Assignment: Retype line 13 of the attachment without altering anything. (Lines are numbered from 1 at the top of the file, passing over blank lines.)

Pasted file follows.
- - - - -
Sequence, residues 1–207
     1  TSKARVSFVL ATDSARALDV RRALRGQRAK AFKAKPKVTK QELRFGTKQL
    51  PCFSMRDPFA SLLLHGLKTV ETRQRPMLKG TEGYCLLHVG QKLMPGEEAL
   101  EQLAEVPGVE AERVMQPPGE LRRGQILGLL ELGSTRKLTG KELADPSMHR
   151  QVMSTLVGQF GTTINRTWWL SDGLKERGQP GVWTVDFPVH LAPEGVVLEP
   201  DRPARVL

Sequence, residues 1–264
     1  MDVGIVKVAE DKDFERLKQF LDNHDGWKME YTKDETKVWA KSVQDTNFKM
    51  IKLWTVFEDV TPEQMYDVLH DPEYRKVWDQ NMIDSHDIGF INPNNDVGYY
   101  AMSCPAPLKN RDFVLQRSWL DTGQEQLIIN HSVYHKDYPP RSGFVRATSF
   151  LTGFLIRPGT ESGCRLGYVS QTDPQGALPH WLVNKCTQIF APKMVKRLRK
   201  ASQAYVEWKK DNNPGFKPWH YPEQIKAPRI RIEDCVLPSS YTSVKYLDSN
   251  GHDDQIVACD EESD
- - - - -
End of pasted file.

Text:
   251  GHDDQIVACD EESD